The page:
Behind-The-Scenes: Tabletop Competition in Qingdao, China
August 20, 2014
I have just returned from China where I was the mentor of one of the most exciting and creative tabletop competitions in the world. This was my third year as the “Tim Gunn”, or encouraging mentor, to these very talented floral designers. I have always resisted the role of being a judge, choosing instead to leave that to others. Speaking candidly, the notion of sending a message that some designers are good, but others are not good enough, has always made me extremely uncomfortable. I much prefer the role of encouraging each individual to dig deeper to discover the artist that lives within them.
I know this is not embraced by all, especially when we take into consideration the society we live in and the media that covers it. Both encourage us all to strive to be “the best in the world” instead of being the best artist we can be for ourselves. Writing this, I am reminded of an awful teacher who told me that I should be a mechanic because I had no artistic eye (I am the least mechanical person I know).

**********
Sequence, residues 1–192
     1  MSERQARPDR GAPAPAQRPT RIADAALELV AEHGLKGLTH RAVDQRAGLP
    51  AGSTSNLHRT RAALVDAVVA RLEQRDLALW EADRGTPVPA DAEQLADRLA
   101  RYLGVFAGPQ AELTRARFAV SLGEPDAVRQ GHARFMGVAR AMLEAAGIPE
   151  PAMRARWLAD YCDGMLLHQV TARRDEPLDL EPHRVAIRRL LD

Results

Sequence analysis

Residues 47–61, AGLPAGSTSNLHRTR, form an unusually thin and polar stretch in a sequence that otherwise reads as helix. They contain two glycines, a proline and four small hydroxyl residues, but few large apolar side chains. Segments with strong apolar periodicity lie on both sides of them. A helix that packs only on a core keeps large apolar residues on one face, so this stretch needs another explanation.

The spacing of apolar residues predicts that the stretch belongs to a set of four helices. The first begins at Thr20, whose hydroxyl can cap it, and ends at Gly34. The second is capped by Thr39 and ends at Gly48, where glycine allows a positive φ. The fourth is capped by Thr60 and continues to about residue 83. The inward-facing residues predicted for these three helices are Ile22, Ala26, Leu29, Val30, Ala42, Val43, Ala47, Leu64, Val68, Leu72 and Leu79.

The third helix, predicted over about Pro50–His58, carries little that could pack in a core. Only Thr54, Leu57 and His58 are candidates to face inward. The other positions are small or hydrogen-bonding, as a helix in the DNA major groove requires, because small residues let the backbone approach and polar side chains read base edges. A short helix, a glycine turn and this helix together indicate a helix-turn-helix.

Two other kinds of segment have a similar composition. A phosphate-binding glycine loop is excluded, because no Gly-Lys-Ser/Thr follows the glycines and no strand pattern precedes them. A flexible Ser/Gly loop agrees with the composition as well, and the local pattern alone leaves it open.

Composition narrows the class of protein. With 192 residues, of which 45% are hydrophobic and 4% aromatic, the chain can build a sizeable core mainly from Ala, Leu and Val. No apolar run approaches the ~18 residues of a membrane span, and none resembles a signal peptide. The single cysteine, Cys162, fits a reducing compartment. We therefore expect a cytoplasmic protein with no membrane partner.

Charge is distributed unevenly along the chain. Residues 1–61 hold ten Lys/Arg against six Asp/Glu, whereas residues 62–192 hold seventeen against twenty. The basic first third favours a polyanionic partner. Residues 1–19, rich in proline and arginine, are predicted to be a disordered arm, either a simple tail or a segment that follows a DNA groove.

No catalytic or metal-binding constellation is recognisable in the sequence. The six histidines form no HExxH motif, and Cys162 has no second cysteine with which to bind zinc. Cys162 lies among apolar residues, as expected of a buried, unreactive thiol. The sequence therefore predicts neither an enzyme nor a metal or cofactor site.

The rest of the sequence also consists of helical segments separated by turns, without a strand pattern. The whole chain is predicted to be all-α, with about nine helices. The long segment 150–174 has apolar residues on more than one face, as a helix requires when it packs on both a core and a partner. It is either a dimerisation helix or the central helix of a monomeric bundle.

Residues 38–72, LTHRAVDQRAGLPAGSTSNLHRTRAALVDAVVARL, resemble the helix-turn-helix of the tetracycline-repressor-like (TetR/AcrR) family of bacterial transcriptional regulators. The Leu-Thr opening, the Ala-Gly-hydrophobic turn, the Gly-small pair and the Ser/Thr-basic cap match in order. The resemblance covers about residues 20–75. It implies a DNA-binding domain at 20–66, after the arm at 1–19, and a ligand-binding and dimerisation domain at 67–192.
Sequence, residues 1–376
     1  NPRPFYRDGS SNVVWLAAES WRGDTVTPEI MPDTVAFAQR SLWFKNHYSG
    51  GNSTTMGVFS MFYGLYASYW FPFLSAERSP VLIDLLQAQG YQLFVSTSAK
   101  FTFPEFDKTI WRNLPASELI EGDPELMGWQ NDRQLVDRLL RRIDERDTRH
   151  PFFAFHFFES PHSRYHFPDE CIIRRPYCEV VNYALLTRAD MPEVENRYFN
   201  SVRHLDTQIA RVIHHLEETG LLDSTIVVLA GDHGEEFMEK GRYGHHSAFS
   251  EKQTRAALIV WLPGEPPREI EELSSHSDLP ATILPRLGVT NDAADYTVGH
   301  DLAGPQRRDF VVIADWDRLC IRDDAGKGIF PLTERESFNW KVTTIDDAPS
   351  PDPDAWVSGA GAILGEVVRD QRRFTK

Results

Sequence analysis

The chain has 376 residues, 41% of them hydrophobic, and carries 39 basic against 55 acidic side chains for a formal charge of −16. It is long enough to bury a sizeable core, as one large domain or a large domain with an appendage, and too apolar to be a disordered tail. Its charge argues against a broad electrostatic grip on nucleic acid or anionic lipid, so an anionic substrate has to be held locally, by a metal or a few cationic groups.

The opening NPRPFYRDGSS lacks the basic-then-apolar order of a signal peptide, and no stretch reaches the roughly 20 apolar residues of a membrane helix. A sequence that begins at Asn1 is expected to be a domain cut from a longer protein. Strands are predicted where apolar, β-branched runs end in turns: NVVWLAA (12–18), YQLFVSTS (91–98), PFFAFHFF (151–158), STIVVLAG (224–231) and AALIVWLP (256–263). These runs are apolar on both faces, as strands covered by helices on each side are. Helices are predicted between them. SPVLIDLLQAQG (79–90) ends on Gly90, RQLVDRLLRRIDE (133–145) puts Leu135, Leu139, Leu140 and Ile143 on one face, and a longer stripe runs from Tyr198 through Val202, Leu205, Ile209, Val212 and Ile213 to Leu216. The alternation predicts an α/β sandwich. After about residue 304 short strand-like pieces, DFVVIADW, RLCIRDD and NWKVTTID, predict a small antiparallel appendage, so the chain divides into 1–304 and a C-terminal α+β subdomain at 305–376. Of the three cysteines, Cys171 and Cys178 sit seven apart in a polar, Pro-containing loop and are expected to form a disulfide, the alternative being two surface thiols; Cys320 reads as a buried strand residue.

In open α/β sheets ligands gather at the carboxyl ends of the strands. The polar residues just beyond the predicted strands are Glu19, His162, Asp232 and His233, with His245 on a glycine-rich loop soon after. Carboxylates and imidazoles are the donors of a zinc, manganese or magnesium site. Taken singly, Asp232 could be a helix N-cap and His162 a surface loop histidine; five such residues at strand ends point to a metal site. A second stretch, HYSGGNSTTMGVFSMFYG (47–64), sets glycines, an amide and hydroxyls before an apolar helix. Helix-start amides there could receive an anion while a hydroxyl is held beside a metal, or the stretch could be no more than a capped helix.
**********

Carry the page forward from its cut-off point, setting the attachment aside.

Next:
The reason I feel so strongly about this issue is that, at the age of 65, I have seen way too many artists stop trying simply because they heard that they are not good enough.
My individual mentorship to these talented artists consisted of pointing out what I liked about their designs, and what I thought they could improve. Note: I gave the latter advice not as the voice of God or someone who knows its all, but as a supportive friend who has done and seen a lot of designs.
I’ll like to thank Se from I do, I do once more for giving me the opportunity of a third year to mentor these talented florists.
Now, let’s see if you agree with the judges. One of the table settings above won first, second, and third place. Which do you think was the winner, and why?
(Photo Courtesy of John Labbe)